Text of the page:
Ascension Via Christi St. Francis in Wichita expands COVID-19 infusion treatment for high-risk patients

Coronavirus in Kansas

KSNW

WICHITA, Kan. (KSNW) — A local hospital recently expanded its’ facility to treat immunocompromised COVID-19 patients. 

Ascension Via Christi St. Francis opened its monoclonal antibody infusion therapy facility in April. When the treatment center opened, staff were only able to treat three patients at a time. 

“It would take us about 15 to 16 hours to do 15 patients,” said Amy Charles, manager of Ambulatory and Infusion Services. “Now, we’re doing 16 patients a day, and we’re able to do them in eight hours.” 

Monoclonal antibodies work with a patient’s own natural antibodies to find and stop the coronavirus from infecting other cells. Treatment is run through an I.V. drip and only takes 20 minutes, 20 minutes that could keep patients out of the hospital and off a ventilator. 

“Preliminary research shows that there is a seventy percent reduction in hospitalization or risk of death for those who are at an increased risk of hospitalization due to risk factors,” Linsey Coster, business operations director at Ascension Via Christi St. Francis said. 

Risk factors are any pre-existing health condition that would make someone high-risk for COVID-19. That vulnerable population has the first shot at treatment in the newly expanded facility that opened Friday.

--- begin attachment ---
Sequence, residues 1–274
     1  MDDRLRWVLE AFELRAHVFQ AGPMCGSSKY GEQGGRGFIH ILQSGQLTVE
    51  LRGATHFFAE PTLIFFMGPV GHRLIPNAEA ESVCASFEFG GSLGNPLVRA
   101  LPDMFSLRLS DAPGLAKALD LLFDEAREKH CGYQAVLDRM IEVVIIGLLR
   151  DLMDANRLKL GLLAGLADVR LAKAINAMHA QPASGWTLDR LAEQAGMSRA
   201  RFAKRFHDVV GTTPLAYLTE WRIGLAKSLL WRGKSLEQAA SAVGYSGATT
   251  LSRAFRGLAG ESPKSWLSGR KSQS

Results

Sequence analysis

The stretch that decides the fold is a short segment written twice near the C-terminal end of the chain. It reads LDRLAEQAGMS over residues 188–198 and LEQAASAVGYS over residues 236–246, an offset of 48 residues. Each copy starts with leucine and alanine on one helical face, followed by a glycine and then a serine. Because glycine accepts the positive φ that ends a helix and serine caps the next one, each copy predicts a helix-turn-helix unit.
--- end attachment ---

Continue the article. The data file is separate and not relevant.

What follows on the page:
Charles said the hospital has treated more than 200 patients since offering the service in April and less than 10 have been hospitalized. 

“We’ve had good success with keeping people out of the hospital to free up our beds for patients that do need them,” Charles said. 

“We’re not only potentially shortening the duration of people’s illness and also the severity of their illness but allowing them to be at home and not be in the hospital,” Coster said. 

To be eligible for treatment, patients must be immunocompromised and must be within ten days of their first sign of COVID symptoms. A referral is necessary, so, positive patients must reach out to their primary care provider before requesting treatment. 

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